Amos Butler Audubon Society (ABAS) was a primary sponsor of the Goose Pond FWA Biodiversity Survey that was held July 16-17. Other primary sponsors were the Indiana Academy of Science and the Rivers Institute at Hanover College. The event brought together the state’s leading scientists and naturalists to conduct a baseline assessment of the flora, fauna, and water quality of the 8,000 acre property. This was the first biological inventory of a state fish and wildlife property.
Besides providing financial resources, ABAS played an important role in field activities. Member Barb Simpson was the one who initiated and organized the event, board member Bill Murphy was the snail-killing fly expert, President Don Gorney was team leader for butterflies and moths and assisted with birds, and Ross Brittain, Director of Bird Conservation for Indiana, assisted with butterflies and birds.
Lee Sterrenburg, the Goose Pond bird expert, served as team leader for birds and oversaw a team of about a dozen individuals. Lee is still waiting to confirm all of the sightings but has a tentative list of 123 species. The list includes Snowy Egret, Little Blue Heron, Cattle Egret, King Rail, Black-necked Stilt and several other shorebirds, Black, Caspian, and Forster’s Tern, Barn Owl, Acadian Flycatcher (first property record), and Black-billed Cuckoo. Don Gorney witnessed nesting evidence by a pair of Snowy Egrets on July 16; only the second time this has occurred in Indiana (first time was in 1996 in Gibson) County.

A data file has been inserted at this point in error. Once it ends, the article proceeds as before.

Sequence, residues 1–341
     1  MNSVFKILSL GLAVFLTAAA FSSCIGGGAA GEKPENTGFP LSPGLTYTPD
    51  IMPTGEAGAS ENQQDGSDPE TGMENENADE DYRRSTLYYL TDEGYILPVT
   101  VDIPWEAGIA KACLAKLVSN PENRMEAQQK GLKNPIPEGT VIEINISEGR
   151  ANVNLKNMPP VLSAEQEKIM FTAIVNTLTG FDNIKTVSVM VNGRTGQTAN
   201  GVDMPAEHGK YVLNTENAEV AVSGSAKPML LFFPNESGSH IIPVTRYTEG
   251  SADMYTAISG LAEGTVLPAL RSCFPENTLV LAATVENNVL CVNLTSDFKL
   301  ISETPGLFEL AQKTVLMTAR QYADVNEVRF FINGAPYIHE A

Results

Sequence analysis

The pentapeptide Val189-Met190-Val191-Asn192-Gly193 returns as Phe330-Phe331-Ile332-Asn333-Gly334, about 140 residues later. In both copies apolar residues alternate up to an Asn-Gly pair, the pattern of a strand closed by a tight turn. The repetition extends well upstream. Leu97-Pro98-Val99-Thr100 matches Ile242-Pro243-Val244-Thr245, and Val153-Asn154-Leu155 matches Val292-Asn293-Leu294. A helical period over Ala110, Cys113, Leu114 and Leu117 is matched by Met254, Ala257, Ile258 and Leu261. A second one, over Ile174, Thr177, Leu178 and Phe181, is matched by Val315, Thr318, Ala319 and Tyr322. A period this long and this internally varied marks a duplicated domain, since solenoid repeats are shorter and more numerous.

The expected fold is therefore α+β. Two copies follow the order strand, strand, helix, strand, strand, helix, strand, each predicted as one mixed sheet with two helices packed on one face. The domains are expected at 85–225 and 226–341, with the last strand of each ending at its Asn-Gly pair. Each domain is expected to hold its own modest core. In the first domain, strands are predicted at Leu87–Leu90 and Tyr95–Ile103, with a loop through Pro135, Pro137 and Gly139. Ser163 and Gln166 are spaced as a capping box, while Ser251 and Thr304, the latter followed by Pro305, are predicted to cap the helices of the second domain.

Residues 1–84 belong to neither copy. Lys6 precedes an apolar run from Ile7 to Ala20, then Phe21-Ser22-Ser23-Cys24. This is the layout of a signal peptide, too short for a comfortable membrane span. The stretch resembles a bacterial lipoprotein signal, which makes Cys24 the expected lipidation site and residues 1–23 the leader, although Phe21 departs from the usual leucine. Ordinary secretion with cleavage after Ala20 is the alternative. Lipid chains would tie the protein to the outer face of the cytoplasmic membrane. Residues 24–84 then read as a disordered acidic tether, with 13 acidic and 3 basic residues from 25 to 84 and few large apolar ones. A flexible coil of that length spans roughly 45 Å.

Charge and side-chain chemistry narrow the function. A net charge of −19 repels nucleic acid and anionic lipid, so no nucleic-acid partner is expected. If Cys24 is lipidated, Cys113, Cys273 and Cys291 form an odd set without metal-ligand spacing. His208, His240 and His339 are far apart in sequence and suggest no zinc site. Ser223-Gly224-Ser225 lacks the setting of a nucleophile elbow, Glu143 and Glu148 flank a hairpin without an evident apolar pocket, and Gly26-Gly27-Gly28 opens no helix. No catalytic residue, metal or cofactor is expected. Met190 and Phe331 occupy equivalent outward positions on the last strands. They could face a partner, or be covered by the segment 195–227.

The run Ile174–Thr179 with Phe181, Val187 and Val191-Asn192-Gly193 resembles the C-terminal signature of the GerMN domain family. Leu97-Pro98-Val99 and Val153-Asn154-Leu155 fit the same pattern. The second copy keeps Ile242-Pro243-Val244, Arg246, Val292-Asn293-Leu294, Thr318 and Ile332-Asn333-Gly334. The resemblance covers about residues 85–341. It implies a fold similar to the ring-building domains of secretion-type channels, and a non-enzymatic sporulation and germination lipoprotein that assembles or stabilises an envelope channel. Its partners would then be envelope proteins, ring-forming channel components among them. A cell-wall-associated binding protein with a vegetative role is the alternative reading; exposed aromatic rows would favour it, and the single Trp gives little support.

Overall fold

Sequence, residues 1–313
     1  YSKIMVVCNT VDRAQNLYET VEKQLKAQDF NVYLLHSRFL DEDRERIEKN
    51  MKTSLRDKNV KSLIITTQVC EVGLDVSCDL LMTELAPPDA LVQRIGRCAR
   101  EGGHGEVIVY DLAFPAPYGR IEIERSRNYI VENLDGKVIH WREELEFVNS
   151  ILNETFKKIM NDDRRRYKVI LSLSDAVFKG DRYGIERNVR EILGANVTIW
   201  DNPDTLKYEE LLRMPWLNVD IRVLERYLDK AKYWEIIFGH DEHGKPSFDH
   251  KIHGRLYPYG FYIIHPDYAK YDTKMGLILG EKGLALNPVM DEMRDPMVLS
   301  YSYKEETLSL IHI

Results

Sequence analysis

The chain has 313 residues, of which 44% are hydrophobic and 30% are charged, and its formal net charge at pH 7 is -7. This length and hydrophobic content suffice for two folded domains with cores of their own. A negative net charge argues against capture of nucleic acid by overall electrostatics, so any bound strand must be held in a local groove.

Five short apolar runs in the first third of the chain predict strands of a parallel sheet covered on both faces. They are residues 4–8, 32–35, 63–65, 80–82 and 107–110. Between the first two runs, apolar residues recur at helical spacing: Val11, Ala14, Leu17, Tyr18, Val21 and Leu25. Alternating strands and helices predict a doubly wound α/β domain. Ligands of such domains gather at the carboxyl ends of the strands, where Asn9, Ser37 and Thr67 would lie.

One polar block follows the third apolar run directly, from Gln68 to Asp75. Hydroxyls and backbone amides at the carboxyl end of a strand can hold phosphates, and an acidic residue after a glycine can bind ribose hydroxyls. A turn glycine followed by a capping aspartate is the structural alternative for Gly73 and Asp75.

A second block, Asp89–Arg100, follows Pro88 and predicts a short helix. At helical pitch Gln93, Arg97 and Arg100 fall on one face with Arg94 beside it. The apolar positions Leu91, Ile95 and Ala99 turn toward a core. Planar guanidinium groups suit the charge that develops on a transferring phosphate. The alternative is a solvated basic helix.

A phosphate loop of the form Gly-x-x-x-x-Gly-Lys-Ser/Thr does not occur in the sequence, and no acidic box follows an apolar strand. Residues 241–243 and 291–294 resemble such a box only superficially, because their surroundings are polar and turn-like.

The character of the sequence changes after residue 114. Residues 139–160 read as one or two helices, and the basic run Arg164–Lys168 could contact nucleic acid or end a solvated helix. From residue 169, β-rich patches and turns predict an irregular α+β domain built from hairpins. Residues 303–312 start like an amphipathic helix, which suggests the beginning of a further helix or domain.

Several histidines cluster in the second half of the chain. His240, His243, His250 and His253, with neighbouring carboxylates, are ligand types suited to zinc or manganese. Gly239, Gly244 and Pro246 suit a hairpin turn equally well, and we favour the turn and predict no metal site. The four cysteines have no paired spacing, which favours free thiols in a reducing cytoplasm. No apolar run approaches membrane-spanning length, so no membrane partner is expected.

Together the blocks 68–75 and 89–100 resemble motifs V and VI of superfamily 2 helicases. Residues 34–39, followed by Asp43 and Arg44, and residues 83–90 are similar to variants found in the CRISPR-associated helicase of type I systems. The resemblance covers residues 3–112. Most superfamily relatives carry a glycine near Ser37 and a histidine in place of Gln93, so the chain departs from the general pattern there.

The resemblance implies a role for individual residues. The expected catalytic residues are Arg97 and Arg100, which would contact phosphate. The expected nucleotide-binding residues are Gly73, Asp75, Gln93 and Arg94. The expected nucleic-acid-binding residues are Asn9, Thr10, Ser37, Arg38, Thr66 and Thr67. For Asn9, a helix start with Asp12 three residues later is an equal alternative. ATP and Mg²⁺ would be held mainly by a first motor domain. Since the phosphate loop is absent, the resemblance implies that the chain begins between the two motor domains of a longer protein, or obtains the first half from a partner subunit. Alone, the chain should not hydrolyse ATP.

The butterfly count went extremely well with 48 species and 2,705 individuals observed on July 16. This is an impressive tally and was only possible because of the knowledgeable people who assisted. Helping oversee butterflies and moths was 14-year old Megan McCarty, who has had an interest in lepidoptery from a very early age (before she was five!). Megan oversaw the moth component of the survey and was working with university-based scientists into the late night.
There were experts on hand studying dragonflies and damselflies, beetles, other insects, mammals, herps, flora, mushrooms, fishes, mussels, water quality and sedimentation, and just about everything else.
Field work was tiring but fulfilling. The inventory catalogs what is on the property now and will be used for comparison when the survey is completed at some time in the future. The results, which will be published by the Indiana Academy of Science, will also help in managing the property.